The Girl on the Train (flash fiction)

To wait for the girl on the train. In my mind, I’ll do what the note says. I have a small notebook in my jacket pocket, and one of the pages in it says the same thing that my calendar does on the wall in the hallway.

We have the calendar on the wall so that we’ll remember to look at what day it is. It’s also to remember special days and special people. Where’s my special girl? Hmm. Oh, right. She’s coming to meet me at the station. I’ll go soon to the station to meet her there, too – to pick her up and bring her home. She’s been gone for a very long time, and I miss her. All will be better soon, though, because she’s arriving today.

I’m here, now, waiting just as I said I would. Where is it? Where’s the train? My watch tells me I’m right on time, but maybe I’m a little early. Watches do that, you know. They jump ahead magically at night when you’re not looking, or when you’re driving down the highway paying attention to road signs and whatnot instead of paying attention to them. A jealous watch? Can watches be jealous? I don’t think so. I don’t think that’s possible. That would be weird.

What’s that? A horn? A faint sound that sounds like it’s a’way’off in the distance coming down the mountains between the peaks, getting ready to get here where I am and where these other people are standing around waiting. I hope none of them are wondering about my jealous watch. But if they are, oh well. It happens.

It’s coming closer. Coming around the curve, still just a bit away – but much closer than before. The train slows as it approaches the platform, and I wave – at no one in particular and at everyone in general. But I’m really waving to my girl who is somewhere behind the glass of one of those big windows.

It slows to a snail-paced roll and then stops in the middle of the station. The front end of the engine is lined up without any issue down at the edge of the unloading area. People begin to get off the train and make their way down the steps.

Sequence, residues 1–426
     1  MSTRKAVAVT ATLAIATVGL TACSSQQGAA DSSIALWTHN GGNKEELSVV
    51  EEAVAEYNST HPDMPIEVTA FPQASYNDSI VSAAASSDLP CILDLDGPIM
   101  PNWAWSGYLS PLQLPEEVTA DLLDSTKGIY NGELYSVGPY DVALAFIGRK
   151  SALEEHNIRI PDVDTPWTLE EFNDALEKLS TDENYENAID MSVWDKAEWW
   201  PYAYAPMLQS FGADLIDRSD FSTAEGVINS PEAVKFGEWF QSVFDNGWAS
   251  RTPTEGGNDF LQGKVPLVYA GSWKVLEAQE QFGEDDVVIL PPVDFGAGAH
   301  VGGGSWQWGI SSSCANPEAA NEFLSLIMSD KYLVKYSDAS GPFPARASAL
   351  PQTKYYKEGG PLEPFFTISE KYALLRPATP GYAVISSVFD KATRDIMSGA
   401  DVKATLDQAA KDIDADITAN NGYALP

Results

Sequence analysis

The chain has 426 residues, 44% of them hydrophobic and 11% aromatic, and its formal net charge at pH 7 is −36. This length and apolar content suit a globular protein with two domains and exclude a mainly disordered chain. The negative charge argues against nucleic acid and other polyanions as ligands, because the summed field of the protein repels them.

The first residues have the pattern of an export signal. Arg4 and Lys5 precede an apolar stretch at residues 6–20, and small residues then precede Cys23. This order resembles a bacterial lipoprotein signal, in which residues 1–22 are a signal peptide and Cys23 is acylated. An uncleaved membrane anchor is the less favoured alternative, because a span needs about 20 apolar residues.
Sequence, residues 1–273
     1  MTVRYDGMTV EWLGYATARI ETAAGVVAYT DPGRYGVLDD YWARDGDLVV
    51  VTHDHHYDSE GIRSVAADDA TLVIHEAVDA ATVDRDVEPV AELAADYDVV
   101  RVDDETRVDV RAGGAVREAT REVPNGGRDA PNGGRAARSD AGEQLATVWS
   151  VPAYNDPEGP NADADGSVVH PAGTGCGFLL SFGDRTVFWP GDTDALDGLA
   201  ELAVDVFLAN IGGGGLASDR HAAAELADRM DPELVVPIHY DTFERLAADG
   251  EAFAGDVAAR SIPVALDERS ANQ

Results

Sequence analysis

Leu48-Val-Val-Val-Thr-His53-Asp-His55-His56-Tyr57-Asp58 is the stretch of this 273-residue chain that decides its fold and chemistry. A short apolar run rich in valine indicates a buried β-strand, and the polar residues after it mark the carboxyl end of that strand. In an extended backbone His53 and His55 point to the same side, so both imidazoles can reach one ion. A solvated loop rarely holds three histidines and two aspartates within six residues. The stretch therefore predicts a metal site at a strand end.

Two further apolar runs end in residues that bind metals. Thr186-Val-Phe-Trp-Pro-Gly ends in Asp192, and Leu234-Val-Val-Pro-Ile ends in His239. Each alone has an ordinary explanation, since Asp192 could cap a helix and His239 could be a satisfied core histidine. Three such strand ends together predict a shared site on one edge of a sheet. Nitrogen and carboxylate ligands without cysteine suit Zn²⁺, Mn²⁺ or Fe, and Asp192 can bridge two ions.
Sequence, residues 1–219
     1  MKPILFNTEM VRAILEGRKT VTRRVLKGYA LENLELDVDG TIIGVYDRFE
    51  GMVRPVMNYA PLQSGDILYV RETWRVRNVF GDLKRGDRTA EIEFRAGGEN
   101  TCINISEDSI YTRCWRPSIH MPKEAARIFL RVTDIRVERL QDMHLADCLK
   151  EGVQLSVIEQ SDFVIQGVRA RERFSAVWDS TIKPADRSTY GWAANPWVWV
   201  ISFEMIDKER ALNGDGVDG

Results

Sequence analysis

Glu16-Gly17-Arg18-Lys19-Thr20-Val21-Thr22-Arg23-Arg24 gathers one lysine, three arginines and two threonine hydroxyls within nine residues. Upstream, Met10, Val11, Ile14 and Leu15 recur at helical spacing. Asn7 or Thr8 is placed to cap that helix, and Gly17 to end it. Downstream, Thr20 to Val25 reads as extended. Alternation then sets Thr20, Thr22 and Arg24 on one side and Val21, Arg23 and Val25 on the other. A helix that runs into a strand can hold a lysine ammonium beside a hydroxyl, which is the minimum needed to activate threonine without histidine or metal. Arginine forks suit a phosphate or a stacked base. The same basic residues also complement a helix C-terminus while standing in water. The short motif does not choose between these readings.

As each person steps onto the long, gray concrete strip we call the platform, my eyes scan each face and head of hair for my gal. Not yet. Not yet. Nope. She’s not there. Where is she? Did I come at the right time? Did I come to the right station? Did I make my way here on the right day? Or, did she miss the connection? Did she get on the right train? I don’t know, but I want an answer to all of these questions.

Wait. There. In the middle. There’s a head of hair that’s a little grayer than I remember. Below it? Eyes…eyes that still glow like the sun in the day and the moon in the night. The nose…yep, same nose I remember. And the smile? Yes, definitely the same smile that was there years ago, last year, last month, and today.

Am I being forgetful, somehow? No, it’s just time. It creeps up on all of us and then stands upright, right next to each of us like it was there all along. Ah, it was there all along. And so was my gal, who has come on the train. Home. Isn’t the sunlight glorious?

# # #

This story was adapted from one of Marty’s upcoming books. For currently published, go to www.Amazon.com/author/reep

 

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